Wearable ancient jewelry only gets better with age


November 2, 2022

Although wearing precious jewelry has long symbolized wealth, power and social status, it was far more expensive in ancient times.

Back then, jewelry was typically worn only by royalty and the wealthy class. Today, these historic adornments recall the artisans who created them, the privileged few who donned them and also the marvelous fact that they have withstood the test of time beautifully. Often such items are just as wearable as when they were new, and if they require any updating to ensure durability or fit, usually an imperceptible tweak or two are all that are required.

Ancient Greeks typically favored elegant, simply styled gold hair ornaments, armlets, rings, pins, pendants and necklaces embellished with rosettes, crescent moons, laurel wreaths, filigree and granulation – a term that describes finely patterned points of gold. Others wore more dazzling jewels such as the garnet and turquoise gold earrings Artemis Gallery auctioned for $4,000 plus the buyer’s premium in March 2022.

Romans were very superstitious, and members of the upper class often wore or carried tiny, stylish gold amulets in the forms of acorns, wild boar or sun discs to repel scorpions, safeguard their health and deflect disaster. Others relied on crescent-shaped amuletic brooches or pendants representing Luna, the Roman divine embodiment of the moon. In October 2022, Apollo Art Auctions sold a highly embellished 1st-century A.D. wearable beauty featuring a suspension loop, a corded border and applied spheres for £650 (about $720) plus the buyer’s premium.

According to Bob Dodge, founder and executive director of Artemis Gallery Ancient Art, Romans believed amethyst amulets offered not only protection and good fortune but also staved off drunkenness. An amethyst pendant sold at Artemis that realized $1,800 plus the buyer’s premium in August 2021 was probably donned for Imperial Period (circa 1st to 4th century A.D.) symposiums – gatherings featuring drink and discussion of daily events. “This amulet could have been worn by male or female,” Dodge explained, adding, “but because of the cost of gold and the polished stone itself, it would have been someone from the elite class. A common individual never could have afforded such luxury.”

Ancient glass or gemstone beads, when restrung on new, secure gold chains, are alluring alternatives to contemporary necklaces, but their compositions may reflect the tastes of contemporary jewelers rather than their age-old, original designs. Furthermore, the beads themselves may hail from a wide range of times and places in the ancient world. The wearable, modern-looking necklace auctioned by Artemis Gallery for $600 plus the buyer’s premium in August 2022, for example, features Phoenician and Roman glass beads that span some 800 years, circa 400 B.C. to 400 A.D.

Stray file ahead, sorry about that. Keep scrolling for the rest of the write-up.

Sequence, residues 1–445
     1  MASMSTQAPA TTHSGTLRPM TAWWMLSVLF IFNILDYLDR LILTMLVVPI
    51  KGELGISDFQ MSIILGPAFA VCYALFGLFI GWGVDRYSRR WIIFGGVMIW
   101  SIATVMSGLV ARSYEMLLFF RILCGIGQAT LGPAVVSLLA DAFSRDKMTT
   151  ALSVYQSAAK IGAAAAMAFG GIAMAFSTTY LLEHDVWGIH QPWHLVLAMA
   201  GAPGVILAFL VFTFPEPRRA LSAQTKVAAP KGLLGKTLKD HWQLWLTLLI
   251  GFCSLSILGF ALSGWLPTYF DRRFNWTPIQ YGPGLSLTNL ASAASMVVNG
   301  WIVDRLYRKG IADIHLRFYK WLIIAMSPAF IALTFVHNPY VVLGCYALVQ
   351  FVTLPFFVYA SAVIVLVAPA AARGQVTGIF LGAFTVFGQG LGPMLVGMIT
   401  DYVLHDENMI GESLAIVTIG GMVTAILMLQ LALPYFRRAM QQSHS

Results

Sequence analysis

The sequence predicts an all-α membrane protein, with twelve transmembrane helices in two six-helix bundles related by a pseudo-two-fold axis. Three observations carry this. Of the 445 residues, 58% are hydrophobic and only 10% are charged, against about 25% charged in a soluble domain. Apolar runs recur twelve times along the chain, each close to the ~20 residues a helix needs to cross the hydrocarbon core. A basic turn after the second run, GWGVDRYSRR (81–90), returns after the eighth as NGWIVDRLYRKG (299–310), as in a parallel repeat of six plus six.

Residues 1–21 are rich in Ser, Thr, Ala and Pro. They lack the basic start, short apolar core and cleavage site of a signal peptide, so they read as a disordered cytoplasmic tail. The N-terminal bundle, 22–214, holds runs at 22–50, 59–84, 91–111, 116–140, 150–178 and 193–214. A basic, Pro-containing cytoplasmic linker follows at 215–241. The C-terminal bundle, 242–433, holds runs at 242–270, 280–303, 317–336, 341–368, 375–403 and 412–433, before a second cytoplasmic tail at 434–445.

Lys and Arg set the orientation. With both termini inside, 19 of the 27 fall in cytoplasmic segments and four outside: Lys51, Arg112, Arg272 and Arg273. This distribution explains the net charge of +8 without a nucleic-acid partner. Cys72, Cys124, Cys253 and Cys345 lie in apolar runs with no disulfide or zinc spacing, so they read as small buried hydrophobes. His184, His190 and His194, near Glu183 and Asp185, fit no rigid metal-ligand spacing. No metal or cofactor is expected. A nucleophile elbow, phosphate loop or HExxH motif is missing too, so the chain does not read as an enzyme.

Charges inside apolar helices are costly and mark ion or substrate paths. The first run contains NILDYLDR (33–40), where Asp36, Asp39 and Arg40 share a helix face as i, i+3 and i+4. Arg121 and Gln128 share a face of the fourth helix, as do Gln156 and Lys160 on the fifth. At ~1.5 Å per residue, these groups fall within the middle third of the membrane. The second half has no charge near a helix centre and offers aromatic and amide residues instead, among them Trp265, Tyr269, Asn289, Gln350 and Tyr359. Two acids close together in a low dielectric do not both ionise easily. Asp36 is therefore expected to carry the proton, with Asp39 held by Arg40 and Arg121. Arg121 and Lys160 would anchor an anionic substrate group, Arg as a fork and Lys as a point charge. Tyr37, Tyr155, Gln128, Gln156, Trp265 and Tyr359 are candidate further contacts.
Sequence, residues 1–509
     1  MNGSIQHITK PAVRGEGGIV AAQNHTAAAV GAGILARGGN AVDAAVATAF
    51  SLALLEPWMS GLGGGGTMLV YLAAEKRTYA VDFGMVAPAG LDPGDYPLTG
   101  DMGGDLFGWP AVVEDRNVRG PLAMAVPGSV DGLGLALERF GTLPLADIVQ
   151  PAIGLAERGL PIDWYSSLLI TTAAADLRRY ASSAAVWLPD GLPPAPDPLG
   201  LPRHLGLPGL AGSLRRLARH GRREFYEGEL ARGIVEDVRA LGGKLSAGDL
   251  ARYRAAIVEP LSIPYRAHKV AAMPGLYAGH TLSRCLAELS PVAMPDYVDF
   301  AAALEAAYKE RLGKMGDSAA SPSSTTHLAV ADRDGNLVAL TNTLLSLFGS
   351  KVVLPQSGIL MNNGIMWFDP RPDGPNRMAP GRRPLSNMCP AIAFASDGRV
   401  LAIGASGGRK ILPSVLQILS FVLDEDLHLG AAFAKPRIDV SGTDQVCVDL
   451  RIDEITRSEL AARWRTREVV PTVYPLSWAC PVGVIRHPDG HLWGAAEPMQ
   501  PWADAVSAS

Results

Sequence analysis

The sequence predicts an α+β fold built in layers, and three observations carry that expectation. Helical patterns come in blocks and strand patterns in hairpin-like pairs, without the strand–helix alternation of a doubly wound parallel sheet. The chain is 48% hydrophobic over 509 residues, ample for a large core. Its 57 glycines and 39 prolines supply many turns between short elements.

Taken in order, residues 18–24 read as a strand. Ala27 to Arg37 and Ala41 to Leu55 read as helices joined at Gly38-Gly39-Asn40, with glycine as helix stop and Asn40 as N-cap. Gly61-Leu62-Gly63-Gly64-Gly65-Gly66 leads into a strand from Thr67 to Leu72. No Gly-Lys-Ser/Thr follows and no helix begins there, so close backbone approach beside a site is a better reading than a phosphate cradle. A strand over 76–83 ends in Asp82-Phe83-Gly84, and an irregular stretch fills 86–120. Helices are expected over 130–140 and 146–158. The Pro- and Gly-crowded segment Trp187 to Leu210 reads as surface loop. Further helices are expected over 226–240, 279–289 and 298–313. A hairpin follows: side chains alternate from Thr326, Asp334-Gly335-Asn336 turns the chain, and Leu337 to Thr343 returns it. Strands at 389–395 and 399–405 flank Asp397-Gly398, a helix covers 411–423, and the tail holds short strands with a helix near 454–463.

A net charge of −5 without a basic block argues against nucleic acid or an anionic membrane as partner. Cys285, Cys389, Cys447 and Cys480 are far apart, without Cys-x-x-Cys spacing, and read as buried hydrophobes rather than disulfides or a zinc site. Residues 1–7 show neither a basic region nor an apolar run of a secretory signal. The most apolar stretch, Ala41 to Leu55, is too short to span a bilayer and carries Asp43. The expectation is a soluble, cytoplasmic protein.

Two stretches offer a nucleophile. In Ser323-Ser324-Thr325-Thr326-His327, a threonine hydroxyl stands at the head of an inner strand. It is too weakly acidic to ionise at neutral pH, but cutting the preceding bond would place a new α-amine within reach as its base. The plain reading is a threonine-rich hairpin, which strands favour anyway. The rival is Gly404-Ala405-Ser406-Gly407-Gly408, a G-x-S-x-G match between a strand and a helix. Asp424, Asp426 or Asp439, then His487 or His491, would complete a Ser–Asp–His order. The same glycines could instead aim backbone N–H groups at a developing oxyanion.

A Merovingian (circa 500–700 A.D.) gold ring, its band featuring a flared shoulder and an applied oval bezel set with a garnet, achieved $13,000 plus the buyer’s premium in May 2021. Image courtesy of Apollo Art Auctions and LiveAuctioneers

During the Merovingian era (mid-400s to 751 A.D.), Frankish women typically secured their outer garments with decorative bronze or silver-gilt brooches. Only rich merchants, people of high social status, those associated with the church, and royalty could afford gold jewelry. Because Merovingian rings were produced in limited numbers, they remain highly collectible. In May 2021, a stunning, fully wearable gold ring, set with a cabochon garnet, realized $13,000 plus the buyer’s premium at Apollo Art Auctions. According to its director, Dr. Ivan Bonchev, a solid, high-carat gold ring such as this can usually be altered by one or two sizes in either direction without ruining its integrity.

In wealthy Byzantium (395–1453 A.D.), sumptuous gemstone and enamel pieces, some featuring Christian iconography, were especially popular. So were sizeable crescent and D-shape openwork gold earrings. In September 2019, a wearable matched pair, each depicting two doves, realized $997 plus the buyer’s premium at Apollo Art Auctions.

This pair of Byzantine (circa 1000 A.D.) matched earrings, each depicting two doves rendered in filigree, sold for £900 (about $997) plus the buyer’s premium in September 2019. Image courtesy of Apollo Art Auctions and LiveAuctioneers

“Ancient gold is not as refined as modern gold, since it was often used as found in nature,” Dr. Bonchev observed. “Merovingian and Medieval gold, for instance, is mixed with silver, copper, platinum, lead and small quantities of other elements. Yet, because it doesn’t oxidize and is quite impervious to corrosion, most ancient gold artifacts are normally wearable. In fact, any type of jewelry could be worn as long as its antiquity is intact and the piece is examined and identified by an expert. However, it’s very important to highlight that, unlike modern pieces, ancient jewelry has to be worn with a lot of care. It should not be exposed to chemicals and is best saved for special occasions.”

Bob Dodge remarked: “Much like 2000 years ago, we might assume that antique wearable jewels would be purchased by someone rich, as a trapping of their wealth. But today we see people across all walks of life who buy these incredible wearable treasures. We have sold them to teachers, doctors, lawyers, business professionals, retirees, people in the entertainment field, students and more. The common thread is more likely to be a fascination with the ancient world than the depth of one’s pocketbook.”

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All of the ancient artefacts included in this article have been offered for auction by Apollo. Many are sold but please get in touch is you’re interested in purchasing similar pieces from us by emailing [email protected].